Voter ID bill disenfranchised

Jan. 12, 2010


A bill designed to combat voter fraud was disenfranchised in the state Senate’s elections committee after a close vote and plenty of testimony in opposition.

The committee heard testimony of the bill proposed by Sen. Bob Huff, R-Diamond Bar, requiring government-issued identification to vote. Current law states that only first-time voters are required to show identification.

Huff appeared before the committee and explained that SB465 was necessary for “maintaining integrity at the ballot box – we must know our vote will count.” When Senator Huff first introduced the bill in March 2009, he explained that the purpose of the bill would help ensure that only those who have a constitutional right to vote are choosing our elected officials.

In testimony, Huff explained that voter fraud is a problem in California and has been highlighted many times in news investigations, citing the 1999 60 Minutes story that found people in California who used mail-in forms to register fictitious voters, and even their pets, and then obtained absentee ballots in those names. Huff said that fraud still occurs, necessitating the voter identification bill. Huff also shared the example of the illegal immigrant who assassinated a Mexican presidential candidate who, ironically was registered twice to vote in San Pedro, Calif.

Representatives from the American Civil Liberties Union, AARP, the League of Women Voters, Disability Rights California, Dolores Huerta Foundation, Asian Americans for Civil Rights and Equality, and California Immigrant Policy Center testified in opposition to the Voter ID bill, each presenting a common theme of “voter disenfranchisement” and “discrimination.”

Appearing in support of the bill, David Wolfe from the Howard Jarvis Taxpayers Association, opined, “I need identification to get a library card or use my credit card at Best Buy. Why not show ID?”

ACLU Representative Tiffany Mock said the ACLU was opposed to the bill because “it would disproportionately affect the elderly, working poor and racial minorities, who statistically are less likely to have this form of identification. … Having to show ID makes it more difficult to vote.” Ms. Mock did not explain how the elderly, racial minorities or working poor would be affected, or why they are less likely to carry identification.

Trudy Schafer from the League of Women Voters explained that the League’s opposition to SB 465 was the “burden to the elderly and disabled” if they had to get government-issued identification. Schafer said they believe that having to show identification to vote could be a “possible privacy issue.” Margaret Johnson with Disability Rights California said that she was in agreement with the previous speakers in opposition to SB 465 because having to produce identification to vote “would be a burden to the disabled as many disabled persons do not have the requisite ID.”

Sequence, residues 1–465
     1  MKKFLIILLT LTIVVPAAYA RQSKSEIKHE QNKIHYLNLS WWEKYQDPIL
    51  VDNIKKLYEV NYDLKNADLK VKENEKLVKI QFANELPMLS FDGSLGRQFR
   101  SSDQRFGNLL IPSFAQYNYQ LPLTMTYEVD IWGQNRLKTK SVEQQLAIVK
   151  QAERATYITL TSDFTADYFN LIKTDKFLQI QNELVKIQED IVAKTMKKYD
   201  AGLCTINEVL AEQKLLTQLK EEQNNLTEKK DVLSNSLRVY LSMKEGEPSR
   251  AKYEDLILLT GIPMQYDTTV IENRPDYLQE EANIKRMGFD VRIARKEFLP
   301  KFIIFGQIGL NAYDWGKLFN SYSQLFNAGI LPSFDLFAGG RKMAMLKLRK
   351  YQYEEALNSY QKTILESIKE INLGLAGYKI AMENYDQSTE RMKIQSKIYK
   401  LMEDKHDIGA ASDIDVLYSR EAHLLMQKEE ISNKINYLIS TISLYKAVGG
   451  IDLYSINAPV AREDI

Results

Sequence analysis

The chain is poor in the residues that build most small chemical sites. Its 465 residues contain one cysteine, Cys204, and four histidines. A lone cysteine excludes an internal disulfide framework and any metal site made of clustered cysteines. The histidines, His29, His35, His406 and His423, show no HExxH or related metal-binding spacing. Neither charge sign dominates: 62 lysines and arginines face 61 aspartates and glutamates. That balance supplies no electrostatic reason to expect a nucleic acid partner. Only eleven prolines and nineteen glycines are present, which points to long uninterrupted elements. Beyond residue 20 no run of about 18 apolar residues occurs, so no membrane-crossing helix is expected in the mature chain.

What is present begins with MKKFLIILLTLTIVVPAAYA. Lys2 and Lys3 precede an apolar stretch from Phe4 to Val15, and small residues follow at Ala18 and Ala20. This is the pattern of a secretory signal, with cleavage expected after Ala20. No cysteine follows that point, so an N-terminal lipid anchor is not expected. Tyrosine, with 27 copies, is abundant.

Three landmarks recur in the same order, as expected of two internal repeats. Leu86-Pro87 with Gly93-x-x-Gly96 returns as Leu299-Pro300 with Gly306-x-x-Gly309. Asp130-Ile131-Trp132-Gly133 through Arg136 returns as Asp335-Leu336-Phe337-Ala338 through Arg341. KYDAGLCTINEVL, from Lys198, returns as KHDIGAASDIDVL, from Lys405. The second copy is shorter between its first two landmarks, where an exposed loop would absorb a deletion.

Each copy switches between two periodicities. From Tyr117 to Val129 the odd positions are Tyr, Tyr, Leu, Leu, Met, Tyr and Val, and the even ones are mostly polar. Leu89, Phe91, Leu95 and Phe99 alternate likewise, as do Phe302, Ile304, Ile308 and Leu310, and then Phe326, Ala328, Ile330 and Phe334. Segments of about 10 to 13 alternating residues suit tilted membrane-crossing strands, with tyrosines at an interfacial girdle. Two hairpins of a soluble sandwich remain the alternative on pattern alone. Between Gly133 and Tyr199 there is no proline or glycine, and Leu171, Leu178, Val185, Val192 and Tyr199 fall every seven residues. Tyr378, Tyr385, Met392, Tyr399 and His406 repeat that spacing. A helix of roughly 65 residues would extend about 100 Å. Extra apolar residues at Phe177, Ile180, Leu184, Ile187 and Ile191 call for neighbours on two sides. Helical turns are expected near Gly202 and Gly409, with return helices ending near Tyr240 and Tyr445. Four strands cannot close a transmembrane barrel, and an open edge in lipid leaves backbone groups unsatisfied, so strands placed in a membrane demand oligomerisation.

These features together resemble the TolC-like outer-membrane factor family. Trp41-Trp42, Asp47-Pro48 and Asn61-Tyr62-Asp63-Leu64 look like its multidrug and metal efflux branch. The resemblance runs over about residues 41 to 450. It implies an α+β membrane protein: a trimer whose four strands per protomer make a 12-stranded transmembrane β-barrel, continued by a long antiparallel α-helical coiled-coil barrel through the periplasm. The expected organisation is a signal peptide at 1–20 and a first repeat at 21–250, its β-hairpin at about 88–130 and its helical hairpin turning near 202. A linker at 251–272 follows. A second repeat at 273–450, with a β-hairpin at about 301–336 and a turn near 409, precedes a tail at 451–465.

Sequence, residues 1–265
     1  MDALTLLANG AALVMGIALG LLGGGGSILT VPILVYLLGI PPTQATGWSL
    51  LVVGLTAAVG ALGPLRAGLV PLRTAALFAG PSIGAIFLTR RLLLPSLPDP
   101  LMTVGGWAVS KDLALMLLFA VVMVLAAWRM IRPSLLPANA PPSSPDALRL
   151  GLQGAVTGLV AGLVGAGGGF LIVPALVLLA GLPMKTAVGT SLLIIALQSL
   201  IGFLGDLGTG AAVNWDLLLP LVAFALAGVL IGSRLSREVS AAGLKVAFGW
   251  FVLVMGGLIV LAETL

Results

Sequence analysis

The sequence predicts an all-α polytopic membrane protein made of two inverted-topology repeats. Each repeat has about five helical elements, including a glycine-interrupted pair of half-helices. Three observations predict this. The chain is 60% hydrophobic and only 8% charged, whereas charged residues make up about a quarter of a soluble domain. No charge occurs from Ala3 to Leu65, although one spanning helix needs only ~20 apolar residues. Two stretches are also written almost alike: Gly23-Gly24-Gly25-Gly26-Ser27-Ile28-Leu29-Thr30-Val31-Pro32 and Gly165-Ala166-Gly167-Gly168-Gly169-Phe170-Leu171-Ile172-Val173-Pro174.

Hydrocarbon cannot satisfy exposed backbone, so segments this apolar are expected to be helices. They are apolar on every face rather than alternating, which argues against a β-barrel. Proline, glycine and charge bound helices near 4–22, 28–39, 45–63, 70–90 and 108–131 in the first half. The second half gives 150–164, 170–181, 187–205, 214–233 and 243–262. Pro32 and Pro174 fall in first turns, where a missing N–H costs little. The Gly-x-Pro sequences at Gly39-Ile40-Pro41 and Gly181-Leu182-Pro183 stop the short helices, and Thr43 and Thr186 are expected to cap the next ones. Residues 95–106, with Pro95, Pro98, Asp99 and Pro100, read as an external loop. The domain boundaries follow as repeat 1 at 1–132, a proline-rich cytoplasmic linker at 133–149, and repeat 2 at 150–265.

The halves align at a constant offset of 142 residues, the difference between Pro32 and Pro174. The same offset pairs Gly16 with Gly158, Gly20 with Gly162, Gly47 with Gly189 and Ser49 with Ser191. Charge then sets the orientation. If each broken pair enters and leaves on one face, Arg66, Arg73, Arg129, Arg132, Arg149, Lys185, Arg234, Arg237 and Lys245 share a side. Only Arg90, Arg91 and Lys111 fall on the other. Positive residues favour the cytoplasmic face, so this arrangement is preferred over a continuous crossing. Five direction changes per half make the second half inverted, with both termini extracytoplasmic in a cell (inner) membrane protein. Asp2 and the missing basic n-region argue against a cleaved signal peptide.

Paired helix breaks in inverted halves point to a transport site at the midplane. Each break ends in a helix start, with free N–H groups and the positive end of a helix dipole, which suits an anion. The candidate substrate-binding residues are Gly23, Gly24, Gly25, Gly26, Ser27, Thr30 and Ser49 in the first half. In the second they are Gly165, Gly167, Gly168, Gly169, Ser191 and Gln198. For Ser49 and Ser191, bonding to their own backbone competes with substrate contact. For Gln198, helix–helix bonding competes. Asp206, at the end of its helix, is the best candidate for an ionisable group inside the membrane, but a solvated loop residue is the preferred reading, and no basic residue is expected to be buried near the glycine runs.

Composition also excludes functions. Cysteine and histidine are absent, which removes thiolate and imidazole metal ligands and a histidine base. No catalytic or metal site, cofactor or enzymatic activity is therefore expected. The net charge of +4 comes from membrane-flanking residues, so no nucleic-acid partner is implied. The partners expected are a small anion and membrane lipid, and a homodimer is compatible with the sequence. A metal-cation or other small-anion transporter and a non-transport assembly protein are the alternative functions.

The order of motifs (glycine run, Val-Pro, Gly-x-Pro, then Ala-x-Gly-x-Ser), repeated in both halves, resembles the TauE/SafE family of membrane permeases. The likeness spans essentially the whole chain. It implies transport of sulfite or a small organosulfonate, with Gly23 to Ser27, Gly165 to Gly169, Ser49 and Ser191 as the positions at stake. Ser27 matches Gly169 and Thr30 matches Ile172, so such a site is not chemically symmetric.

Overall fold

Nationally, the ACLU and the League of Women Voters have been opposed to voter identification laws. The League of Women Voters “opposes efforts to create new barriers that block citizen voter participation” as well as opposing ID and documentary proof-of-citizenship requirements.

The committee chairwoman, Sen. Loni Hancock, D-Oakland, spoke in opposition, stating that she would not be voting for the bill because “it will chill voter participation for people of color, immigrants, the young and old, and new voters.” Hancock used herself as an example stating, “an old picture could lead to problems with poll workers, and people do not have time to do that.”

Sen. Tony Strickland, R-Thousand Oaks, questioned several of those opposing the bill, and asked if their organizations oppose using ID to board a plane. The League of Women Voters’ Schafer said it was discriminatory to ask someone for ID. Ignacio Hernandez with the Dolores Huerta Foundation answered that he would need to look at voter intimidation laws in California and “requiring government-issued identification to vote is a civil liberties issue because the Hispanic population would be required to pay to have an ID” and that “could be considered a poll tax.”

Several of the opposition groups claimed that the bill is overly strict and exceeds the voter identification requirements contained in the federal Help America Vote Act (HAVA) or as required in current California law.

Sen. Mimi Walters, R-Laguna Niguel, disputed the claim of disenfranchisement: “It is not a burden on a person” to produce identification “in order to protect the electoral process.” Walters added, “Even my children must carry student ID” and said that she hoped the committee would pass the bill.

The bill failed, 3-2.

In 2008, with 29 states already requiring some form of identification to vote, the U. S. Supreme Court voted 6-3 to uphold voter identification laws. In California, there are currently 30 different forms of identification that can be used under HAVA, including a government issued check or a utility bill that includes the person’s name and address.

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